Polish Independence Day Posted by Anna on Nov 12, 2008 in Culture
Yesterday (November 11th) was the Polish Independence Day (Dzień Niepodległości), but according to my contact in Gdańsk, the celebrations were mostly invisible. The white and red flags appeared on street corners, but I was told that was about the extent of it. Most people were just happy to get an extra day off. And what did they do with their day off? They went shopping, of course. Apparently, the malls places that dared to defy the new law ordering them to stay shut for the holiday (and there were a few of them) were quite crowded.
Yes, as you can see, I’m back in Gdańsk. And I plan to continue with my to-do list, which I had prepared for my last visit three weeks ago.
But back to the Independence Day topic, shall we? It’s a relatively new holiday. I say “relatively” because it didn’t exist back in the olden times when I was born. Back then I think, but don’t quote me on it, Poland had a different “independence” day, which wasn’t even called that. Instead, it was called “National Day of Rebirth of Poland on the anniversary of signing the PKWN Manifesto” and it was celebrated on July 22nd, and if you ask me, that was quite pointless in the first place. A major holiday in the middle of summer when everybody was on vacation anyway? Well, that’s the famous communist logic (or rather – lack thereof) for you.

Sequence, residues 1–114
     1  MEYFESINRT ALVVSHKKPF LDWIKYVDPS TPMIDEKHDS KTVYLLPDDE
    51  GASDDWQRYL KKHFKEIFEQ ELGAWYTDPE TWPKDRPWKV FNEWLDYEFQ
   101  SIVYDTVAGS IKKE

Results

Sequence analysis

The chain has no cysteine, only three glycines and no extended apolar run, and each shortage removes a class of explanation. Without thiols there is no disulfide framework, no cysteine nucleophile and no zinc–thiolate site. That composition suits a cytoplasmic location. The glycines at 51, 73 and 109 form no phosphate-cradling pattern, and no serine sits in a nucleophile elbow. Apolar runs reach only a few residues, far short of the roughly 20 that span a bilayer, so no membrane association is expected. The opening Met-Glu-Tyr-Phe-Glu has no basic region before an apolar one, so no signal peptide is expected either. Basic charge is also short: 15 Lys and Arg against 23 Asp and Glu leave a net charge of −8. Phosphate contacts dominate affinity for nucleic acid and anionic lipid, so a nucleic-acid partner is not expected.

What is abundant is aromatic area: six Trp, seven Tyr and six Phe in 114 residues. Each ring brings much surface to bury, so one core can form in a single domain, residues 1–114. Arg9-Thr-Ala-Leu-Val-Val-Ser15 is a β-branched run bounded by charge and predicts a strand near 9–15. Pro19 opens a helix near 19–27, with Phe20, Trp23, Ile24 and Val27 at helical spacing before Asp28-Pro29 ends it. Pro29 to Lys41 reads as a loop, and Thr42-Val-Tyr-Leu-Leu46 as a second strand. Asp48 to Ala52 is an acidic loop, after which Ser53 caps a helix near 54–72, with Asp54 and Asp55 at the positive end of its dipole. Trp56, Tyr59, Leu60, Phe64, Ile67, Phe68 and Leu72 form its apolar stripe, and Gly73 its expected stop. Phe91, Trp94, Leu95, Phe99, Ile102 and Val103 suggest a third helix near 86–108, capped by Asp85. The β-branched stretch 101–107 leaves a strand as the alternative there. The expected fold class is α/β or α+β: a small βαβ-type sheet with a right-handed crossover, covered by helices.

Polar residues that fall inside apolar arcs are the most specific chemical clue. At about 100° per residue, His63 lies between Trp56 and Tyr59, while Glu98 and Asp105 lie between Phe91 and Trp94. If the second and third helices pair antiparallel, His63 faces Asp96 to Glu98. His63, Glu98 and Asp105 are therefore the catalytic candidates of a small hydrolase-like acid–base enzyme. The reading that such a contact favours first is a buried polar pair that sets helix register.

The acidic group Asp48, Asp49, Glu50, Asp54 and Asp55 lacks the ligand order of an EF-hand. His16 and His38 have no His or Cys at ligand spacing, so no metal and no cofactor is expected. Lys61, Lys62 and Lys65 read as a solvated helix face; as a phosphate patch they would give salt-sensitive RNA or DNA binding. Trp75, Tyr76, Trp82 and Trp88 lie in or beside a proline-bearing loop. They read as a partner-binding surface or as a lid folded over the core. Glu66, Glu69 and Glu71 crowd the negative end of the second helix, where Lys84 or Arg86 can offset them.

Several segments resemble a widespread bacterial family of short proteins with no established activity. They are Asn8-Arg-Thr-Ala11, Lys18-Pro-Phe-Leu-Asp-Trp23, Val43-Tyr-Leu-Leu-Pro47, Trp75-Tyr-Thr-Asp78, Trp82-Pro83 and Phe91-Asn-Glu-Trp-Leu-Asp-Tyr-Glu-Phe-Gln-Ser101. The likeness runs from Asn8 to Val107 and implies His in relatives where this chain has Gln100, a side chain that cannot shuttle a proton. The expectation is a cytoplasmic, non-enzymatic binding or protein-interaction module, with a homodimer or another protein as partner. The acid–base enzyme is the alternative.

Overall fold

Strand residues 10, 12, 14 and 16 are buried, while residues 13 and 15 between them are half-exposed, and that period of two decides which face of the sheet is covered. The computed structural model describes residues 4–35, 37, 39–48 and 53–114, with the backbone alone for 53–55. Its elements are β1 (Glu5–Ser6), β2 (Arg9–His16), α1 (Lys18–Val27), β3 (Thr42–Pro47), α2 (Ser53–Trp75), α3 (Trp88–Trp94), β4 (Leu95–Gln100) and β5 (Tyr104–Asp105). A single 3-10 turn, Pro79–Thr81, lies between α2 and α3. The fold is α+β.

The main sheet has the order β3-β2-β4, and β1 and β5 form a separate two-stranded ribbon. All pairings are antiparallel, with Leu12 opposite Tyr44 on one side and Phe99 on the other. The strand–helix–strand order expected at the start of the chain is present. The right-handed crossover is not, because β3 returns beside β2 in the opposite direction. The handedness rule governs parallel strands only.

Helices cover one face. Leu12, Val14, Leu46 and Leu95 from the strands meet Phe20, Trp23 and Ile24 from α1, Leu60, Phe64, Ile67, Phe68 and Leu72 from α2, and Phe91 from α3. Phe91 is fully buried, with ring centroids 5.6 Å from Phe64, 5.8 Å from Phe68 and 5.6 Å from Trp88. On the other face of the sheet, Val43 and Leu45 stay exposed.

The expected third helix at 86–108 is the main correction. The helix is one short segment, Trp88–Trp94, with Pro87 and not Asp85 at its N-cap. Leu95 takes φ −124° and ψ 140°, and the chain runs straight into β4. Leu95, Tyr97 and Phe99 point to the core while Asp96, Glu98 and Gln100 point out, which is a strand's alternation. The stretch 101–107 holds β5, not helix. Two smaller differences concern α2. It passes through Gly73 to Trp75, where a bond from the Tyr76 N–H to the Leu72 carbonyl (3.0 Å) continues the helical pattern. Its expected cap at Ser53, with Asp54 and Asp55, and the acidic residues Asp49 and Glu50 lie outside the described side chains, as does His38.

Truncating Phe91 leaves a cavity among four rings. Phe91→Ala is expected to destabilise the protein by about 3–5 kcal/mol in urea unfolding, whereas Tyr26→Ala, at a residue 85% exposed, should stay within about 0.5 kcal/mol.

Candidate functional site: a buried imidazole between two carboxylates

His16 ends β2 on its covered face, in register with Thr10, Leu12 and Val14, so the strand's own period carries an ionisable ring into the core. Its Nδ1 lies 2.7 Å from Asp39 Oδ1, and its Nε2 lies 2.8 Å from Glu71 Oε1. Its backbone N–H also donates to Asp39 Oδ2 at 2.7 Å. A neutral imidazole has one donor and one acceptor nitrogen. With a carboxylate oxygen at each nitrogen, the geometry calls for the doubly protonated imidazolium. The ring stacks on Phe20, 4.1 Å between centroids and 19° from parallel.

Personally, this independence day, reminds me of Thanksgiving. In a way, it’s also a day to give thanks, and on November 11th many Poles do just that. Initially – they gave thanks for the end of the communist rule, now for an extra day to shop.
But seriously, it’s supposed to commemorate the anniversary of the foundation of the Second Polish Republic in 1918 after 123 years of partitions by Austria, Germany and Russia. It was celebrated only twice before WW2, and then reinstated in 1989.
Few people remember now (especially few young people) that back in the olden days there was also a holiday in early November, alas for a very different reason. It used to mark the anniversary of the Russian (October) Revolution and was celebrated on November 7th. And in 1989 the government knew they couldn’t just take away a day off and give nothing in return. So voila, we have a redressed holiday with a different name and an occasion we can be proud of.
And the old “independence” day on July 22nd? Now it’s a day to celebrate the Baltic Sea,
PS. I’m having a hard time uploading images, so we’ll have to wait until I get to a computer that I can actually use 😉
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